Feb 18, 2024 - Science

Quantum computers move closer to the assembly line

Illustration of atoms floating above a conveyor belt

Illustration: Natalie Peeples/Axios

Until recently, quantum computers were essentially made-to-order products, but the industry has begun to lay the engineering groundwork for standardizing and manufacturing some of their parts.

The big picture: Quantum computers still have big hurdles to clear to fulfill the promise of outperforming traditional computers in solving some problems. They aren't likely to come complete out of a factory but this engineering stage between research and manufacturing their parts is critical.

  • It both potentially puts today's available hardware in more hands and accelerates research on coveted high-performance quantum computers.
  • "We're in the stage where engineering is just as important as research," says Jay Gambetta, who leads IBM's quantum computing efforts.

Driving the news: Quantum computing company IonQ unveiled its new manufacturing facility on Thursday.

  • The 100,000-square-foot facility outside of Seattle is a step toward the ultimate goal of bringing "Henry Ford kind of assembly lines to quantum," the company's CEO Peter Chapman says.

Where it stands: Today's quantum computers — which are largely used for research problems, some with business goals — can't break encryption and solve other problems researchers think (or debate) they might one day solve.

  • That is generally expected to require millions of quantum bits, or qubits. The bits in a classical computer have only two states, but qubits can have many by harnessing the subatomic properties of particles.
  • The power in quantum computing comes from entangling qubits, but many of them are also needed to correct the errors that come from the noise of combining many qubits — a key hurdle for quantum computers.
  • Today's largest quantum computers have fewer than 2,000 qubits.

State of play: Some of today's quantum computers, with on the order of dozens of qubits, are transitioning from bespoke machines calibrated by physicists with screwdrivers to systems that, while there aren't two of a kind, share some standard components or architecture. (Others remain lab experiments to try to keep pushing the boundaries of quantum computing.)

  • "In the past, we would build to spec for our customer. Now we're actually building in advance of orders," Chapman says, adding about half the company works on "producing a manufacturable product and some infield supportable product." IonQ recently sold two of its systems to the Air Force Research Labs.

How it works: Companies are trying to engineer the systems and standardize more of their parts so quantum computers can be built — and iterated on — faster.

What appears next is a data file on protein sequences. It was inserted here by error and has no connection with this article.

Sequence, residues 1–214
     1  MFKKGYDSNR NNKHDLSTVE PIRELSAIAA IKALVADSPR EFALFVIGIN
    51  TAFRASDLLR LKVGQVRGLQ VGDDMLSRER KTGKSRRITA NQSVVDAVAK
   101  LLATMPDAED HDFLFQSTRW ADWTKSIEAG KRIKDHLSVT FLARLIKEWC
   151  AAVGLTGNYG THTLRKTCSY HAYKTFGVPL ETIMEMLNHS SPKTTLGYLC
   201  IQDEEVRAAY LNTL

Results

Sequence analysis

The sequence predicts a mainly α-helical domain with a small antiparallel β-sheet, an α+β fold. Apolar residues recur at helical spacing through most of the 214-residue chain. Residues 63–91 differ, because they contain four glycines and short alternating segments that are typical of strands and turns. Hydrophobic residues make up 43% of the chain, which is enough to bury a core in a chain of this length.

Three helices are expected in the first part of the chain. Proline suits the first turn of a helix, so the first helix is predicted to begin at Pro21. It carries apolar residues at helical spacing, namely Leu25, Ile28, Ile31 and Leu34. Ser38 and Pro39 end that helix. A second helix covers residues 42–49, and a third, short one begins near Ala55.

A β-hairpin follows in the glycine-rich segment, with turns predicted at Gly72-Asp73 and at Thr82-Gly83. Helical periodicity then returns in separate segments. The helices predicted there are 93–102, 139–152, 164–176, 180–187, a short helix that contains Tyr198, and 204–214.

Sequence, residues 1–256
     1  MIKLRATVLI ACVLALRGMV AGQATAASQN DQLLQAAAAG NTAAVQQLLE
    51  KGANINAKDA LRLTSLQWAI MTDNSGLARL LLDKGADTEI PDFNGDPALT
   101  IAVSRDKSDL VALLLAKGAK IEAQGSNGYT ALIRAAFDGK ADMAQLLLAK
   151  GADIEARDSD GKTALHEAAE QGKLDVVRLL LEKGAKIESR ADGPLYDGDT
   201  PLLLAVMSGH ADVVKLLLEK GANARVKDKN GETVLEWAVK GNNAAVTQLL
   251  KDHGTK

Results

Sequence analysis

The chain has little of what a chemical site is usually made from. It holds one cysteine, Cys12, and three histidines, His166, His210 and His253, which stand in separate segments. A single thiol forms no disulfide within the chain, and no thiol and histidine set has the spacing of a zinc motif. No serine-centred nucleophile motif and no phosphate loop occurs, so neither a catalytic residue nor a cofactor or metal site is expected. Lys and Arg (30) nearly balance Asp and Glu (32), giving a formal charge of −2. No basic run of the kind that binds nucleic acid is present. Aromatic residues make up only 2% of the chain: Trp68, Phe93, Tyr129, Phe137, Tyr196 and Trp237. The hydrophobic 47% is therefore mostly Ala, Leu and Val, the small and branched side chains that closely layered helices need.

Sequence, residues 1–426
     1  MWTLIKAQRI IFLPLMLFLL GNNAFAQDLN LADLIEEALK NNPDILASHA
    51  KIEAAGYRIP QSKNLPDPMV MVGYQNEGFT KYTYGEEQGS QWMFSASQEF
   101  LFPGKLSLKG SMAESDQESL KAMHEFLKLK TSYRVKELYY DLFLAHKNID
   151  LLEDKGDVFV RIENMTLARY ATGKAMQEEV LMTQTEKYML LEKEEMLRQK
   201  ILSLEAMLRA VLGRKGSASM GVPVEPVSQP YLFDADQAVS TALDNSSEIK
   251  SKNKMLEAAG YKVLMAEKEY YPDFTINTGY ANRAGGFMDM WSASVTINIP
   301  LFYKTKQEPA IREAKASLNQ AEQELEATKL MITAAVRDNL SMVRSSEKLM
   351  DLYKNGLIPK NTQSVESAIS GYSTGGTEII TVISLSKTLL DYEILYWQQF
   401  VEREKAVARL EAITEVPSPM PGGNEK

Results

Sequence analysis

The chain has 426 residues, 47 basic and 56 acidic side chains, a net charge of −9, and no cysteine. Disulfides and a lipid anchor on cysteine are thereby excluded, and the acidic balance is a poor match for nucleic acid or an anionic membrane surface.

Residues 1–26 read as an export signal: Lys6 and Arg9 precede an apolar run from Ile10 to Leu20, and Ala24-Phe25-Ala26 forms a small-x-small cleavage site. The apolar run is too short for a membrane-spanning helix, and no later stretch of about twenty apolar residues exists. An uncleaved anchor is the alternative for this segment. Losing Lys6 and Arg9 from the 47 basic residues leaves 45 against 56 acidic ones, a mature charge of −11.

• For some companies, that means fabricating components on-site. Quantum computing company Rigetti designs and manufactures its chips in-house and runs its own quantum data center, giving it "fast innovation times," CTO David Rivas says. The company won a contract this month to deploy one of its systems at the U.K.'s National Quantum Computing Centre.
  • There is also a push to shrink the footprint of the machines, which could ultimately make them cheaper. Chapman says the lasers they use are the size of a refrigerator and they are now working on getting them "down to the size of a cigar."
  • The systems that require cooling raise another pain point: "If we succeed in building a large-scale quantum computer and it takes many nuclear power plants to cool it down, we failed," Gambetta says.

Between the lines: Ultimately, these companies want their systems to be modular so they can be connected to boost overall computing power — and so modules can be swapped out if needed.

  • But scaling these systems in a modular way has to support error correction, Gambetta says. IBM, which has deployed more than 75 of its systems at other IBM facilities and their customers' sites over the past eight years and runs its data centers, is working to connect different blocks containing qubits via quantum communication channels. They say the approach could require 10 times fewer qubits than the millions believed to be necessary for error correction.
  • Clearing system architecture hurdles "could actually take care of the manufacturing problem," Rivas says, adding that the top challenge for the industry is developing quantum algorithms.

What to watch: A burgeoning supply chain for quantum computing hardware is popping up as systems are deployed.

  • There are a handful of vendors for dilution refrigerators, control systems and other components based on relatively mature technologies. Other parts that companies could conceivably go out-of-house for include electronics, attenuators and amplifiers.
  • But these vendors and groups buying quantum computing systems need more government support to advance the industry, Gambetta and Rivas said.
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